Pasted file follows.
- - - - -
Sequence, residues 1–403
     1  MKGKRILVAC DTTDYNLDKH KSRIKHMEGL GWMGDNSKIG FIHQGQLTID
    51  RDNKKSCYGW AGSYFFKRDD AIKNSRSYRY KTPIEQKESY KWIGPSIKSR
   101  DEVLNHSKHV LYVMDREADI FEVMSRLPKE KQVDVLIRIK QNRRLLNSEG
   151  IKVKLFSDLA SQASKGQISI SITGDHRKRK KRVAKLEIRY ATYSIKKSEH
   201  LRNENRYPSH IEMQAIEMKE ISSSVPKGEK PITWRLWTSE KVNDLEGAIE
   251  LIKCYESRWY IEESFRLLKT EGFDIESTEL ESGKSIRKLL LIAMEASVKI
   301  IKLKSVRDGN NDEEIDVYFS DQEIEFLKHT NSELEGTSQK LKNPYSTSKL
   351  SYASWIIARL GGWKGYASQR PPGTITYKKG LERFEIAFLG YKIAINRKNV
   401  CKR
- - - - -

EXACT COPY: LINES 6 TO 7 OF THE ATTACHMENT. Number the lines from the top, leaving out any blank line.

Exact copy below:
   201  LRNENRYPSH IEMQAIEMKE ISSSVPKGEK PITWRLWTSE KVNDLEGAIE
   251  LIKCYESRWY IEESFRLLKT EGFDIESTEL ESGKSIRKLL LIAMEASVKI